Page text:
The overselling of cybernetic wonders may make us skeptical of what can really be achieved, especially when, at its worst, the Internet can a frustrating waste of time. There is a vast amount of poor quality trivia out there in cyberspace. Browsing through it will yield little that is useful. However, again showing how Internet culture is developing, the tools for locating what you want are getting better. More specifically, there are quite good software agents that help users to find information about a particular topics. These are sometimes called search engines. They are still relatively simple minded and a lot of unwanted things are likely to be trawled up as well as what is being sought. However, they are improving rapidly, and can be quite precise and very useful.

Using such tools, it is now possible to find thousands of websites related to a specific topic offering papers, hypertext webs, demonstrations, often involving audio-visual materials, discussion groups and software. (A sample of Internet Addresses is attached below.) It is now possible to gain access to the sites, read what is there, copy it, download software and other materials. Much of what is there also serves to put people with common interests in touch with each other. Powerful ways now exist to survey and select from up to date libraries of research papers, books, bibliographies and data. Such technology can enhance the quality of education by increasing access to resources. This global culture of electronic scholarship and the very nature of hypertext, it is suggested, radically change our sense of what a textual resource is and of how it functions in teaching and of learning, very much in line with the deconstructive thrust of modern critical theory (Landow, 1992).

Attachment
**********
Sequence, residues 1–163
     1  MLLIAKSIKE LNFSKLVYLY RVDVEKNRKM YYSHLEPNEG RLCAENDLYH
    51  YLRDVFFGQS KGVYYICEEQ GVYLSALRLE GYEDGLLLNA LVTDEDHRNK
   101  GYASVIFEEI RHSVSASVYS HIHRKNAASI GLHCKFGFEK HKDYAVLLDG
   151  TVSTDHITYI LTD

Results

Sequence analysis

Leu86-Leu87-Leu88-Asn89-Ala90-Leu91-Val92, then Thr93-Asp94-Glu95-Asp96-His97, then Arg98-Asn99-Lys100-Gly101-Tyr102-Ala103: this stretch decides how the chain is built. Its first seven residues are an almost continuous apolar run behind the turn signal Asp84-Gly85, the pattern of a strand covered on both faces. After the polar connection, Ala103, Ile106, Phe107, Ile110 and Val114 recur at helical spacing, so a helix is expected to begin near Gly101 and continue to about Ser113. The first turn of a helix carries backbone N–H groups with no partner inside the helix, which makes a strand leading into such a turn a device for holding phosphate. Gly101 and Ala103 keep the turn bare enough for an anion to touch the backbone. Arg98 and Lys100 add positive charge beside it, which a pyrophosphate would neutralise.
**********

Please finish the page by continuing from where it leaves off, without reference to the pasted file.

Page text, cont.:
This corresponds quite closely to what visionary educationalists such as H G Wells and Ivan Illich foresaw as the benefits of communications technology (Wells, 1993; Illich, 1970). For them, the effects were not simply confined to the amplification of conventional educational practice, but to the development of entirely new practices altogether. These are appearing, for instance, in the shape of communication driven education (Jones, 1995; Riel, 1993). Hypertextual and networked resources, and the skills to use them, are rapidly spreading through the education system. As they do so they will help free both students and teachers from the authoritarian relationships in which they tend to get trapped. Teachers are perforce given the role of possessors or distributors of the curriculum with students having the role of recipients. With ubiquitous global networks, both teacher and student are equally free to roam in the world electronic library. Each may find things independently. The role of student and teacher may become less hierarchical and more co-operative. The teacher may know where some things are and how to organise them around themes and issues, but students with more time to look around are likely to come across new materials and views different from those taught in their degree course. Indeed, who is being taught by whom may undergo a productive transformation.